Newswise — Spending too much time using digital technologies can negatively impact the psychological, developmental, social and physical health of children, says Virginia Tech expert Shalini Misra.
“Multitasking is a huge risk factor for injury and death, for example texting while driving. But more broadly, because it’s so easy to acquire so much information quickly, kids may not learn to think critically and creatively because of the constant passive consumption of fragments of information and communication,” she said.
Misra’s research finds that high levels of cyber-based information overload, among youth, leads to higher levels of stress, poorer health, and less time spent on contemplative activities compared to youth with low information overload levels.
“Spending too much time interacting online leaves less time for in-person social interactions that improve well-being and mood. In addition, the vicarious exposure to graphic coverage of traumatic events online can cause acute and chronic stress and anxiety among children and youth.” She explains that one of the most insidious effects of these tools are the intellectual and developmental consequences of constant distraction and multi-tasking.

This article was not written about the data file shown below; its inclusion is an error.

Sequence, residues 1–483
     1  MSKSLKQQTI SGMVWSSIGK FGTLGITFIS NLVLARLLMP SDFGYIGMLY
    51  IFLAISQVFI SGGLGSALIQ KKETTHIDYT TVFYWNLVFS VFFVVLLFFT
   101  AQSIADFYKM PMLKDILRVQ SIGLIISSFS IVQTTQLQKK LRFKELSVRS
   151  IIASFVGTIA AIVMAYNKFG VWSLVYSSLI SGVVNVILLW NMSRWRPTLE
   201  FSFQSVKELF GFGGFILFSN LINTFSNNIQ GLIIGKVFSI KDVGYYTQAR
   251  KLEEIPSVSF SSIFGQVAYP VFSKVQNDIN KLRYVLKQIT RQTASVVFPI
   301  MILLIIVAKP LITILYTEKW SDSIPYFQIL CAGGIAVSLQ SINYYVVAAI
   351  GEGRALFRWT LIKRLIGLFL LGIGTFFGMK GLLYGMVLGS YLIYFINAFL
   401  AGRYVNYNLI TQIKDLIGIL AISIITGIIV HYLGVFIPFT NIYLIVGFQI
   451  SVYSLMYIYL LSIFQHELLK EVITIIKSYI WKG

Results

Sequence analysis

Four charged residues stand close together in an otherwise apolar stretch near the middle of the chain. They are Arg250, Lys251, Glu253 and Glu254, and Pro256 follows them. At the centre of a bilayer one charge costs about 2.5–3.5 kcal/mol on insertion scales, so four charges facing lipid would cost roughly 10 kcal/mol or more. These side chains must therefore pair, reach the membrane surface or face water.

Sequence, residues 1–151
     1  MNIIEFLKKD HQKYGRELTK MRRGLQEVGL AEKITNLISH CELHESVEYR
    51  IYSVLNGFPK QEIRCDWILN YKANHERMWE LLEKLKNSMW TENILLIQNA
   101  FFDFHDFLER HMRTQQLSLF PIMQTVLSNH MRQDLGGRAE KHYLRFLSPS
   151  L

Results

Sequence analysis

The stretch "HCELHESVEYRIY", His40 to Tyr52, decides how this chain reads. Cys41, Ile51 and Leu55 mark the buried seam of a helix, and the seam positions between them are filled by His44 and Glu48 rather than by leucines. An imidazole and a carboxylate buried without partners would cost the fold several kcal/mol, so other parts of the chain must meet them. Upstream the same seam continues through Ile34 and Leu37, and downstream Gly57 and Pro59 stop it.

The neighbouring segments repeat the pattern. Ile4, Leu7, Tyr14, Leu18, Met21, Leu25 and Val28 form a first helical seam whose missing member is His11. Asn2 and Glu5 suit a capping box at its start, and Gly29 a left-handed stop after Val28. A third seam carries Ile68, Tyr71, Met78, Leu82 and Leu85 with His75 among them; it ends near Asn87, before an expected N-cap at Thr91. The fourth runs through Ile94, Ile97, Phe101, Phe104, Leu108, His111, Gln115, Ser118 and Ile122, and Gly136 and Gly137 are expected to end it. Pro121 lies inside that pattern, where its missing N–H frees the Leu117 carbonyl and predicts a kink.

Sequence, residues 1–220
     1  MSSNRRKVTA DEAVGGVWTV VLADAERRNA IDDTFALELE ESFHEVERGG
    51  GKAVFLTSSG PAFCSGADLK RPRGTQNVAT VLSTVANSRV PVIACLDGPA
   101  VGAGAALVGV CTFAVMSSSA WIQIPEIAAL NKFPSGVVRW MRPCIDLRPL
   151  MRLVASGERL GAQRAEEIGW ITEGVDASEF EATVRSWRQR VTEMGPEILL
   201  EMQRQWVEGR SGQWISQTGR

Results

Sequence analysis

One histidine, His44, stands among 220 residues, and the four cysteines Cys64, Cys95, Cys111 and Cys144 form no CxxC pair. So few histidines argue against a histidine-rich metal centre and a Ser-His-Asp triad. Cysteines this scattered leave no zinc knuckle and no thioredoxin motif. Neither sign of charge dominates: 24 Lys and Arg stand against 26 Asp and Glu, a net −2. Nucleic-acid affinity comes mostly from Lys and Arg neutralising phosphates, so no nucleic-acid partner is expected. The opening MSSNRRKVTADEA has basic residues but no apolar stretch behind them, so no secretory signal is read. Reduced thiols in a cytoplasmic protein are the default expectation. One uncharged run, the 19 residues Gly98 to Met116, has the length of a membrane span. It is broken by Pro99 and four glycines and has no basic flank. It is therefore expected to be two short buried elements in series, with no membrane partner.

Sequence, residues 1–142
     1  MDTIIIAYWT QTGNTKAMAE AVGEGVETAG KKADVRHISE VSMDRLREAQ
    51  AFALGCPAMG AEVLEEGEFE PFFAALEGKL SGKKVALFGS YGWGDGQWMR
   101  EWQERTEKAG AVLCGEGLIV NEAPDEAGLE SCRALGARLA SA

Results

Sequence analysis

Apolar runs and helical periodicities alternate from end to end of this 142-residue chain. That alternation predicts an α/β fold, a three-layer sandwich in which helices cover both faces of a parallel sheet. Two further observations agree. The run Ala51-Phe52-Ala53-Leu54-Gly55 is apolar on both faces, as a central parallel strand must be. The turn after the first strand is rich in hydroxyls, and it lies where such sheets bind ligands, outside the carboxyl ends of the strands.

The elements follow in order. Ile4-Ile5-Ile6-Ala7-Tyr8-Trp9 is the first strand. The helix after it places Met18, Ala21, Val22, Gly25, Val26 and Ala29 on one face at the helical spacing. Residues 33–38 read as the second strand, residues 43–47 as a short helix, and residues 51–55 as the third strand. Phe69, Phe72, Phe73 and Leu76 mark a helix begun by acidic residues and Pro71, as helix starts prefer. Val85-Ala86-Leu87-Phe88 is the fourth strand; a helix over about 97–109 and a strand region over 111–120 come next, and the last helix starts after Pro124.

“Too much dependence on digital tools can hinder the development of social and interpersonal skills. Kids are less accustomed to focusing their attention for long periods of time these days and digital tools can reduce their capacity to concentrate on effortful and perhaps less desirable tasks.”
She also says that spending too much time online could reduce children's empathy and sensitivity to others. “Face-to-face communication helps children learn how to interpret facial expressions, non-verbal cues, body language, and learn to have lengthy and coherent conversations, and handle disagreements if they arise.”
Shalini Misra is an assistant professor in the Urban Affairs and Planning program in Virginia Tech's National Capital Region. Her research examines the social, psychological and health implications of the Internet and digital communication technologies. Her recent study, “The iPhone Effect: The Quality of In-Person Social Interactions in the Presence of Mobile Devices,” examines the relationship between the presence of mobile device and the quality of real-life in-person social interactions.
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